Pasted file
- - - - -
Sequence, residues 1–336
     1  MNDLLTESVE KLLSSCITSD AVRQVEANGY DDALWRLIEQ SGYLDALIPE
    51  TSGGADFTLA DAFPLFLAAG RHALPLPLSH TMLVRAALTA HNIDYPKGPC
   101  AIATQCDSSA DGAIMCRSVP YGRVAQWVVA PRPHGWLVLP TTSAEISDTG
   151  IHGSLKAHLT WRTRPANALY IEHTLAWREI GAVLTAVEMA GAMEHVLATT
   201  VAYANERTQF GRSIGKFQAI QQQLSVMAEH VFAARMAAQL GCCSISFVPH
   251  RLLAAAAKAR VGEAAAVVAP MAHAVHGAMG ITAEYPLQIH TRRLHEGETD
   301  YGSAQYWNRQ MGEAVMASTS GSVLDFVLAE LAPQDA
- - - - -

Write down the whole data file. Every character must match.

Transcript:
Sequence, residues 1–336
     1  MNDLLTESVE KLLSSCITSD AVRQVEANGY DDALWRLIEQ SGYLDALIPE
    51  TSGGADFTLA DAFPLFLAAG RHALPLPLSH TMLVRAALTA HNIDYPKGPC
   101  AIATQCDSSA DGAIMCRSVP YGRVAQWVVA PRPHGWLVLP TTSAEISDTG
   151  IHGSLKAHLT WRTRPANALY IEHTLAWREI GAVLTAVEMA GAMEHVLATT
   201  VAYANERTQF GRSIGKFQAI QQQLSVMAEH VFAARMAAQL GCCSISFVPH
   251  RLLAAAAKAR VGEAAAVVAP MAHAVHGAMG ITAEYPLQIH TRRLHEGETD
   301  YGSAQYWNRQ MGEAVMASTS GSVLDFVLAE LAPQDA